Hyundai once had the warm-sedan segment to itself. Now, there's some competition from within its own home country.
Kia is muscling in on Hyundai's turf with the Cerato GT. Priced from a razor-sharp $31,990 drive-away, and backed by bold claims of dynamic capability beyond that of the i30 N-Line or Elantra Sport, expectations are high for the GT.
First impressions are good. I don't consider myself a sedan guy, but the new Cerato is a seriously handsome take on the three-box formula. Penned by Peter Schreyer, it's quite elegant in profile, with just the right amount of aggression in its stance to justify the GT badge.
Compared to the regular Cerato, it gets a smattering of red highlights on the dashboard, wheels and rear diffuser, for a finished product that looks decidedly European in the metal. Parked behind our long-term Audi A3, you'd be hard-pressed to label the Cerato any less attractive.
The refined, faint European vibe carries over to the interior. The driver is faced with simple, easy-to-read dials, and the flat-bottomed steering wheel is just a delight to hold (and behold, thanks to plenty of red stitching).
While we're talking stitching, the seats are leather-trimmed, red-stitched, and immensely comfortable, even if you're awkwardly proportioned and gangly like me. The driving position is excellent, too, with enough adjustment to get the seats down low and the steering wheel right into your chest.
There's just enough bolstering to keep you in place on winding roads, falling somewhere between a regular car and, say, an i30 N on the sportiness scale.
Most of the materials are soft-touch, and there are plenty of quality touches – alloy pedals, for example – scattered around to elevate the ambience. The only real downer is the climate-control unit, which looks and feels cheap with its red LCD display. It's all functional, but the design just doesn't feel up to the same standard as the rest of the cabin.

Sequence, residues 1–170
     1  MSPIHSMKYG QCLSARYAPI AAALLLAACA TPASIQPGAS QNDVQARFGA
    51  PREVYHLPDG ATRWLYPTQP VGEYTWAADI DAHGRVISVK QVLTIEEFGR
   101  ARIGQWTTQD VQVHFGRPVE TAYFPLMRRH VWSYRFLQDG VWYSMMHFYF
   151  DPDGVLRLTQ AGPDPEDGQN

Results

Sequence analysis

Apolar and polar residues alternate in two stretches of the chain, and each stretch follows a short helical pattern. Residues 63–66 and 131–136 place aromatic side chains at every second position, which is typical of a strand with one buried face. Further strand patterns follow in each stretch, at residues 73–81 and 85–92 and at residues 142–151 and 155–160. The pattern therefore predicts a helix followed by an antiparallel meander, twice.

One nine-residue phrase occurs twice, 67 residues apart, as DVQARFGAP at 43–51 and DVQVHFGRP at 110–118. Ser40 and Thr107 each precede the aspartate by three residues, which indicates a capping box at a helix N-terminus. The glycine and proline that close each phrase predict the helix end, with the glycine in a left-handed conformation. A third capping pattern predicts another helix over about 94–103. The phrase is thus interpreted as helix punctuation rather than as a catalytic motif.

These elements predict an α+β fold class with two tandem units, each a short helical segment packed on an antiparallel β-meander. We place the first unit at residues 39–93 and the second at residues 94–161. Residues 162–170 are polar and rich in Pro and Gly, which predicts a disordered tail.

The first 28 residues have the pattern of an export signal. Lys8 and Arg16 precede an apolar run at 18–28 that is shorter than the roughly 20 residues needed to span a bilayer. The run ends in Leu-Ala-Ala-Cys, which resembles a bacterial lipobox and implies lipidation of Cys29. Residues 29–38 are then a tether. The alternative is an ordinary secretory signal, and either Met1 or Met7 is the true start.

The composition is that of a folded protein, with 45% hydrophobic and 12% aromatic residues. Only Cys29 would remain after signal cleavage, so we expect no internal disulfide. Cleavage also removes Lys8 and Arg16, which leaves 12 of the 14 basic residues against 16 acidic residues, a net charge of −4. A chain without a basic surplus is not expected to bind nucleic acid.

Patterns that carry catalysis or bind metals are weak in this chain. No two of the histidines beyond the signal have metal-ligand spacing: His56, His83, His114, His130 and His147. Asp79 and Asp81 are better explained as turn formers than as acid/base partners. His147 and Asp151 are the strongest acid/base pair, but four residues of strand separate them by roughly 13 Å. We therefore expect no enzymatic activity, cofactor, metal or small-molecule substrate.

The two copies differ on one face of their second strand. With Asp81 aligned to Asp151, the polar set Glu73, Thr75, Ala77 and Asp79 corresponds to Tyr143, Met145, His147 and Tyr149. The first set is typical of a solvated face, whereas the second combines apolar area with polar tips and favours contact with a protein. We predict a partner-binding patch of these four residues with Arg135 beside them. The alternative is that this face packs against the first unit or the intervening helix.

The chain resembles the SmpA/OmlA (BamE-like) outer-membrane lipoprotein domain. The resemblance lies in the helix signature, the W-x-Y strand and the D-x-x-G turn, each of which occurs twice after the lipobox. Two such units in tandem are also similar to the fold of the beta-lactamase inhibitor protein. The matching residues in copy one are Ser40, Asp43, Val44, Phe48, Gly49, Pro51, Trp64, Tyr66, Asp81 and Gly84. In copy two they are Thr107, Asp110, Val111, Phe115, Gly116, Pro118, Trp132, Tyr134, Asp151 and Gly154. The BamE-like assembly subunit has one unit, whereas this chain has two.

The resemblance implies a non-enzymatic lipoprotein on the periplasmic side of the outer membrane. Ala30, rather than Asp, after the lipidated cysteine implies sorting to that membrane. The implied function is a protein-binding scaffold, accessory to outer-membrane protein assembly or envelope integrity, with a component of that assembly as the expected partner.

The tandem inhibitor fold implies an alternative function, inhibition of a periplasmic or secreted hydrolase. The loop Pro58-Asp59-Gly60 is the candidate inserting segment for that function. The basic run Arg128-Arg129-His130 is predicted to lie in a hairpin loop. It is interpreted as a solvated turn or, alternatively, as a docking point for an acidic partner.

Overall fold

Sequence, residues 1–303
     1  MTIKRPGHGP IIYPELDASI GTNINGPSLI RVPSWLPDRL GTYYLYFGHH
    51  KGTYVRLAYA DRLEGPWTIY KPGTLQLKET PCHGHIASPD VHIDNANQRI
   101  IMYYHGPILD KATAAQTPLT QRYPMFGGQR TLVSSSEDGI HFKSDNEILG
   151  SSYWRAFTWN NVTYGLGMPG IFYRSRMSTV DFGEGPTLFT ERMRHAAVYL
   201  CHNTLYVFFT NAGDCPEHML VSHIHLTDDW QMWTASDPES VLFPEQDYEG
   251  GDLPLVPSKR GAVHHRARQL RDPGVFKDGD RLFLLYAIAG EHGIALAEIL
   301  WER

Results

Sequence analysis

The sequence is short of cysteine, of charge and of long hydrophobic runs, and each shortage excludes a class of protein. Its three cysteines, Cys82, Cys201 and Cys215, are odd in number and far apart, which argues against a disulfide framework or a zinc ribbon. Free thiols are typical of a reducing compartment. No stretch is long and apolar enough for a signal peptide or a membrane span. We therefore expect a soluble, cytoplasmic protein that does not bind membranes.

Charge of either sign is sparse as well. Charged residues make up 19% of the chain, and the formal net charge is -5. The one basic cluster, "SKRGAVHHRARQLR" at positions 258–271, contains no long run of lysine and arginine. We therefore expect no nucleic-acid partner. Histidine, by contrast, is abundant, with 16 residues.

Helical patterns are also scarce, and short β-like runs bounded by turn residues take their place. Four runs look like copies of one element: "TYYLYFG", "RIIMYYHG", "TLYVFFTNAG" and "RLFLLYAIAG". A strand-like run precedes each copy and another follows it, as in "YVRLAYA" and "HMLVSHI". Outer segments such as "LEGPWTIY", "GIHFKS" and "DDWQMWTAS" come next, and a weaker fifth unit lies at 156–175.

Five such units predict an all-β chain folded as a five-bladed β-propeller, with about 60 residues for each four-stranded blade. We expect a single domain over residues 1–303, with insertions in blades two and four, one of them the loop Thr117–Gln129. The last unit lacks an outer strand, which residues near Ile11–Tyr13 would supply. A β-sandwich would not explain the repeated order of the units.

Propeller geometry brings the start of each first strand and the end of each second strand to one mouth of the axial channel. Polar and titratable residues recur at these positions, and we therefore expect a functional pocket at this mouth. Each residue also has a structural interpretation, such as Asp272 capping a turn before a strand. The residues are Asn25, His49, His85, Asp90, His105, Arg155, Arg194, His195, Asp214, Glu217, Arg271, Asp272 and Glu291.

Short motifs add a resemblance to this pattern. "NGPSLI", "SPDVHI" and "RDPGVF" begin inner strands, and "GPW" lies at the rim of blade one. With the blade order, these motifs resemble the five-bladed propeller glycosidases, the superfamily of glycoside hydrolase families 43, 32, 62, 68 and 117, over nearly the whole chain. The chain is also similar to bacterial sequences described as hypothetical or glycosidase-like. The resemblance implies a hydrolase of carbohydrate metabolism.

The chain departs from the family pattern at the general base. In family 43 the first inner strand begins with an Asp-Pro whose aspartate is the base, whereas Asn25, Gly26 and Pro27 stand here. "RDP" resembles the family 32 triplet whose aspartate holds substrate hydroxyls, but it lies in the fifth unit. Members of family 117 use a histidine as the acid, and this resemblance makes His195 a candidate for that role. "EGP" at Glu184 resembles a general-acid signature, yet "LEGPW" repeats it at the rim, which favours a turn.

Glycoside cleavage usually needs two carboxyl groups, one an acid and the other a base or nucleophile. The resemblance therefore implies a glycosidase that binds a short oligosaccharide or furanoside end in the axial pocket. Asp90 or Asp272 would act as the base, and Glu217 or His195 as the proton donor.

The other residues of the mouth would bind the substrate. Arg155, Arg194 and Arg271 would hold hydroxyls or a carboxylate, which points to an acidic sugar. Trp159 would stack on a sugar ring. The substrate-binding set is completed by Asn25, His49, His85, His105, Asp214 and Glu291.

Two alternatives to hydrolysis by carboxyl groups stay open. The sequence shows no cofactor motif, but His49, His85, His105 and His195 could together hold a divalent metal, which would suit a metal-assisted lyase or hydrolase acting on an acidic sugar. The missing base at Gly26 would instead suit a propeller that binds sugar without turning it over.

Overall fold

Infotainment comes courtesy of a 7.0-inch touchscreen atop the dashboard, complete with factory navigation, DAB+ radio, and smartphone mirroring. Although there's wireless phone charging, Apple CarPlay and Android Auto still necessitate a wired connection, rendering the large charge pad under the centre console redundant for Google Maps apologists like myself.
Rear seat accommodation is perfectly acceptable for adults, provided they're not forced to sit on the raised and rather unforgiving centre seat. The boot is properly capacious, with 502L of space, expanding to... Actually, Kia doesn't quote a figure for space with the rear seats folded, but suffice to say there's more than enough room for skis, bikes and flat-pack furniture.
Although it has a lower claimed boot capacity, the hatchback is still a better bet for anyone with a penchant for antiquing.
There's an immediate sense of purpose about the Cerato GT when you hit the road. Power comes from a 1.6-litre turbocharged four-cylinder petrol engine making 150kW and 265Nm, put to the front wheels through a seven-speed, dual (dry) clutch transmission. There's no manual option here, although Hyundai will let you row your own in the Elantra.
In keeping with its not-too-hot price and looks, the engine falls somewhere between shopping cart and outright firecracker. With peak torque on tap from below 2000rpm, it pulls hard off the line and spins happily enough out to redline, backed by a raspy induction noise.
Except it's not induction noise, it's all completely fake, and played through the car's speakers. It's bearable in normal mode, but quickly becomes annoying in sport. Alright, it's terrible.